underway there to rebuild homes, remove blight, and attract employers. in tonight's signature segment, newshour special correspondent karla murthy takes a look at how that plan is working. this story is part of our ongoing reporting on the issues of poverty and opportunity in america, called "chasing the dream." >> reporter: this house on the southside of youngstown has been vacant for eight years. the city condemned it after a fire inside. now, it's being torn down. robert morris lives next door. he says he's glad to see these abandoned homes in his neighborhood finally get demolished. >> this neighborhood right here, this used to be high-class over here. i mean, this whole south avenue corridor was all... it was nice. it was really nice. >> reporter: these demolitions are part of a citywide plan to eliminate blight and rebuild.
since the 1950s, youngstown's population has declined by 60%, from about 168,000 to 65,000, and is still shrinking. thousands of empty homes have been left behind, crippling the housing market and eroding the social fabric of this once mighty industrial base. when the steel mills closed in the 1970s, youngstown lost 40,000 good paying jobs. today, almost 40% of residents live below the federal poverty line, earning less than $24,300 a year for a family of four. >> what's a city to do as a city? pick itself up, dust itself off and start all over again, move forward. >> reporter: hunter morrison is an urban planner who has worked on rebuilding youngstown since 2002. he says the plan started with a simple premise: accept that the city was smaller. >> in america, the entire business of planning and development is based on the phenomena of growth. but what happens when
communities one after another see themselves shrinking? >> reporter: over the last 14 years, this new, smaller mindset has been the guiding vision for the city, which took stock of its assets-- like youngstown state university, with 14,000 students. the city and the university developed blighted land to connect the campus to downtown, which now has new housing and more places to go out. >> today, if you talk to a student, they go down to the restaurants. some of them live downtown who never would have lived there before. >> reporter: but beyond downtown, the city didn't have the resources to fix its broken neighborhoods. fewer residents means less tax revenue. so, in 2009, the city created a new nonprofit, the youngstown neighborhood development corporation, or y.n.d.c., in partnership with the raymond john wean foundation. >> you could walk to my house if you want to keep going. >> reporter: ian beniston is the executive director. he grew up in youngstown. his father worked at a steel mill until it closed in 1980. >> we don't go around here talking about utopian visions.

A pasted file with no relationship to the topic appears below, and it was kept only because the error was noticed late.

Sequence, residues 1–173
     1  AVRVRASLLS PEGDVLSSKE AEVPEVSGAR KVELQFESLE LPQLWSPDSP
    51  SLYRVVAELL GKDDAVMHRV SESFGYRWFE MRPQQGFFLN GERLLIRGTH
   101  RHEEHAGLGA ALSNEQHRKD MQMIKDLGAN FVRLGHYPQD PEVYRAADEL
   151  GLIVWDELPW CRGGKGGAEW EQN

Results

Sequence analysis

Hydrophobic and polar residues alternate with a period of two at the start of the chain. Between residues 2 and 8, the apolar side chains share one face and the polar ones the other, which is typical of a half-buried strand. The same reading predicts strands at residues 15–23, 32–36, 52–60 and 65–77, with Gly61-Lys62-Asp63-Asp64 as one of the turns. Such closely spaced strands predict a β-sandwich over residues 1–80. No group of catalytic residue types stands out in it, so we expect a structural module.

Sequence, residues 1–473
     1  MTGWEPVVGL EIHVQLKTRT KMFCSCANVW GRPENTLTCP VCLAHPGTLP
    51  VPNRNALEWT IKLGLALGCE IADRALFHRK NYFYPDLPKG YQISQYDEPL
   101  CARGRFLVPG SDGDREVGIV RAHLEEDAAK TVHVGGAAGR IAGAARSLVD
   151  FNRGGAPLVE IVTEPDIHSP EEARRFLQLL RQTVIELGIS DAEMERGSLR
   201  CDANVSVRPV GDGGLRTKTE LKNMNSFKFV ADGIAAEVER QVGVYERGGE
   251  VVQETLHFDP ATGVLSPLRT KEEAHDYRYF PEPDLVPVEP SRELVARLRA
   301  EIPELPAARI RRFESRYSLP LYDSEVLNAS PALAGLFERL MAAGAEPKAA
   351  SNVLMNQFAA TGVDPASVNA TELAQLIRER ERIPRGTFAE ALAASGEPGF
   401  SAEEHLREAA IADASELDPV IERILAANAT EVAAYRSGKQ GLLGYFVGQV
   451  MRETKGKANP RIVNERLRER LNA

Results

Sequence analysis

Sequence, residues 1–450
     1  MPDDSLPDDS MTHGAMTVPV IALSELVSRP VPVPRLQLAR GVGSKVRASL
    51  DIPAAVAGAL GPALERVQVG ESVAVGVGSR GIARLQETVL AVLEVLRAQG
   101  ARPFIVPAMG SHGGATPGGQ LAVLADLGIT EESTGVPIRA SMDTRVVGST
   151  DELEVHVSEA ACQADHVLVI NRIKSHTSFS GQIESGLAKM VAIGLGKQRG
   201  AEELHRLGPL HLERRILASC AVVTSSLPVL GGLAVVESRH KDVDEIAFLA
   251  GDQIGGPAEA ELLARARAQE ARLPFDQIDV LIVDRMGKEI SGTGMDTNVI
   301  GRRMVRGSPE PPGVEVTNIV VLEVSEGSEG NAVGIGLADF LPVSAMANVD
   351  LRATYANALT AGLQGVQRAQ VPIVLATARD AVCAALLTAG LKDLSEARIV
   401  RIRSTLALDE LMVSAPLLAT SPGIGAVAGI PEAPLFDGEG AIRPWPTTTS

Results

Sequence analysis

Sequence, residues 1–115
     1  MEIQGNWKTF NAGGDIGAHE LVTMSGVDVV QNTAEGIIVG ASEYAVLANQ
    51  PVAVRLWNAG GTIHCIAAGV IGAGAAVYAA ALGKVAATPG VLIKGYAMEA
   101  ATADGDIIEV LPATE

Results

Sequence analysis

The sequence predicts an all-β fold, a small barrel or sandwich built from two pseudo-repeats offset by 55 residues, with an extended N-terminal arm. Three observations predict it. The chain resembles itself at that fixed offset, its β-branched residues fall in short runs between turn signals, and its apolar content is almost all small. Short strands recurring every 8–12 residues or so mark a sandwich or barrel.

we're dealing with the real basics here. we've just got to get neighborhoods cleaned up. >> reporter: the y.n.d.c. has an annual budget of $3 million. the group surveyed every neighborhood in the city to figure out where it could make the biggest difference and create more stability. >> our focus, as an organization, is on those neighborhoods in the middle. neighborhoods that have many signs of distress, but they're not to a point where we have 70% or 80% vacancy. so, that even in the future, we do at least have these pockets, if nothing else, of healthy neighborhoods. ighborhoods the y.n.d.c.first targeted is called idora, where a quarter of the houses were vacant-- like this one, currently being renovated by the y.n.d.c. tiffany sokol has been overseeing this project. >> we've been able to acquire a lot of properties at zero cost, either through bank donations or private personal donations. >> reporter: many homes the y.n.d.c. acquires are foreclosed properties and are renovated with the help of americorps volunteers. >> there's an abundance of